By Kiyoshi Takenaka
TOKYO (Reuters) - Tokyo Governor Shintaro Ishihara, whose failed bid to buy disputed islands ignited a crisis with China, said on Thursday he was resigning to form a party with the apparent aim of becoming a "third force" in an upcoming general election.
Ishihara's return to national politics creates further uncertainty about the election, which must be held by next August but could take place early next year. He could also complicate strained relations with China.
"I've decided to resign as Tokyo governor as of today due to various circumstances," Ishihara, 80, told a news conference. "I'm thinking about returning to parliament by forming a new party with my allies."
Ishihara, a writer turned politician, announced in April a plan to buy from their private Japanese owners disputed East China Sea islets claimed by both Japan and China. That prompted a counter-bid from the central government, which nationalized the islands in September.
By buying the islands, the Japanese government sought to avert a deeper crisis with China but the plan backfired, triggering violent protests in China and calls for a boycott of Japanese goods.
Japanese firms scaled back sales, production and investment in China, which is Japan's top export market.
Analysts said Ishihara's island gambit had already made major political forces harden their positions on China.
"If you look in terms of what he wanted to accomplish last April, he succeeded immensely. He provoked a dispute and shifted discourse to the right," said Jeffrey Kingston of Temple University's Japan campus.
"I don't think he can become premier, but he can become a real irksome presence in the central government, in parliament."
His new party could create a "third force" in the election race, possibly in alliance with the nationalist mayor of Osaka, Toru Hashimoto. Hashimoto, 43, also wants to break onto the national stage.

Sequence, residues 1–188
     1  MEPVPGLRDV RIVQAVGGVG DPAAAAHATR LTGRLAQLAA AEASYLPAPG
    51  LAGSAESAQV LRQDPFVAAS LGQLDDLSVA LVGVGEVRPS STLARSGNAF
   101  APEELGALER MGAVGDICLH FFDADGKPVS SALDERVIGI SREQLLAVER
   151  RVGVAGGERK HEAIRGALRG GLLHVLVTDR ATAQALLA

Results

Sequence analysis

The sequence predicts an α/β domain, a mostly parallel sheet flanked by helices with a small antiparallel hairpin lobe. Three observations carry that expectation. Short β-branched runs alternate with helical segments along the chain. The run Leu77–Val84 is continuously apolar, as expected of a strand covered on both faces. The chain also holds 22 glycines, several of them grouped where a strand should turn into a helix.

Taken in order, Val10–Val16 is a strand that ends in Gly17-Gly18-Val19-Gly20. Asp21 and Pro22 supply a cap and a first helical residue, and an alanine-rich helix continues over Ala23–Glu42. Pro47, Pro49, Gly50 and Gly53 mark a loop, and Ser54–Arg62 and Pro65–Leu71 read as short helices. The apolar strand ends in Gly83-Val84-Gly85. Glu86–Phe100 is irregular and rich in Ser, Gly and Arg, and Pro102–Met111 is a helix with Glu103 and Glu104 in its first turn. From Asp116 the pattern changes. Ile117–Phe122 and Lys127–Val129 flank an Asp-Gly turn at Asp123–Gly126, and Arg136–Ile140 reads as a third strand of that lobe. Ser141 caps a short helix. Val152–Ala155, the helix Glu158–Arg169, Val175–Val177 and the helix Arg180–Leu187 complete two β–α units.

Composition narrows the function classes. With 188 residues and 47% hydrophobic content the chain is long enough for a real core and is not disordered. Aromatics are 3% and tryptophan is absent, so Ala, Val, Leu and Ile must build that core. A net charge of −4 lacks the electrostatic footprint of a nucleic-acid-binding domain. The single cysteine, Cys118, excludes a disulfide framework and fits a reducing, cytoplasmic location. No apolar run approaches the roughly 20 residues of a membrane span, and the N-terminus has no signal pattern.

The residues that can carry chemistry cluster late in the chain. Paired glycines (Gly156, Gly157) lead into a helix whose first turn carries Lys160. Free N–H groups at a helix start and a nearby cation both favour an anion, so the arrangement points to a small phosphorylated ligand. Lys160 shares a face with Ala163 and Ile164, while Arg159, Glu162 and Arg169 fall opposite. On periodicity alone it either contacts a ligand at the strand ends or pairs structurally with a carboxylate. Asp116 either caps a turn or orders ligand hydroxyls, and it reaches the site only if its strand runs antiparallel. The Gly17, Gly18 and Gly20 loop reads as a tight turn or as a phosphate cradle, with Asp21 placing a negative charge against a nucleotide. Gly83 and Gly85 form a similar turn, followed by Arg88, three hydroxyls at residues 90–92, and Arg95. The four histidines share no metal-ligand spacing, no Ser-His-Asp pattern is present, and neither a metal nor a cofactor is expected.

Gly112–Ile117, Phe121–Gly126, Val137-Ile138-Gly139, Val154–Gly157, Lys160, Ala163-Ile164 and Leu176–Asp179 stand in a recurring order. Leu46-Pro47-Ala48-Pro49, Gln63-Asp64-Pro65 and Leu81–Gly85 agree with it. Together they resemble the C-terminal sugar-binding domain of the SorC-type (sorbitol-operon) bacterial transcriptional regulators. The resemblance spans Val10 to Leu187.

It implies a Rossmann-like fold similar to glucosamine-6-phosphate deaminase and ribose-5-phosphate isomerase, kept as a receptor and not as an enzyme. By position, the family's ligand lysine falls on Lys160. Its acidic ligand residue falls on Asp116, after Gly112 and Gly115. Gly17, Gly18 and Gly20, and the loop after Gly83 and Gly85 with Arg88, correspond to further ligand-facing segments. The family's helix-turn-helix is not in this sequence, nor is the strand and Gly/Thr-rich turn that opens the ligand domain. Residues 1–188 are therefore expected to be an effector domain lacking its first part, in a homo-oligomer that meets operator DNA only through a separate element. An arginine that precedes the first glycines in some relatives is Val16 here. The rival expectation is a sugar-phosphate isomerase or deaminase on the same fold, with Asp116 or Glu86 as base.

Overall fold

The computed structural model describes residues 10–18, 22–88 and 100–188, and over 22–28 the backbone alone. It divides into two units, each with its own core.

Polls show the main opposition Liberal Democratic Party (LDP) well ahead of the ruling Democrats and on course to regain power it lost three years ago after half a century of nearly uninterrupted LDP rule.
Both Ishihara and Hashimoto want to score well enough to become coalition partners, analysts said, should the LDP fall short of a majority. But big egos and generational differences may get in the way.
Ishihara suggested he wanted to rally several smaller parties around the group he planned to launch.
Waseda University professor Tetsuro Kato was skeptical.
"It's not going to be like Ishihara becoming the axis around which all the other secondary parties get together," he said.
Though popular in Tokyo, where he was elected to a fourth term a year ago, Ishihara remains a divisive figure, admired by many for his rare blunt style, but unpalatable for others because of his tendency to offend.
Last year, he was forced to apologize for suggesting that a devastating March 11 earthquake and tsunami were "divine punishment" for the "egoism" of the Japanese people.
He has also advocated changing Japan's pacifist constitution and developing nuclear weapons as a deterrent, citing potential threats from China and North Korea.
Ishihara rose to prominence in his 20s as a novelist and entered politics in the late 1960s. In 1989, he made waves with his book "The Japan That Can Say No", co-authored with Sony chairman Akio Morita and calling for Japan to become more assertive with the United States.
(Additional reporting by Linda Sieg; Editing by Ron Popeski)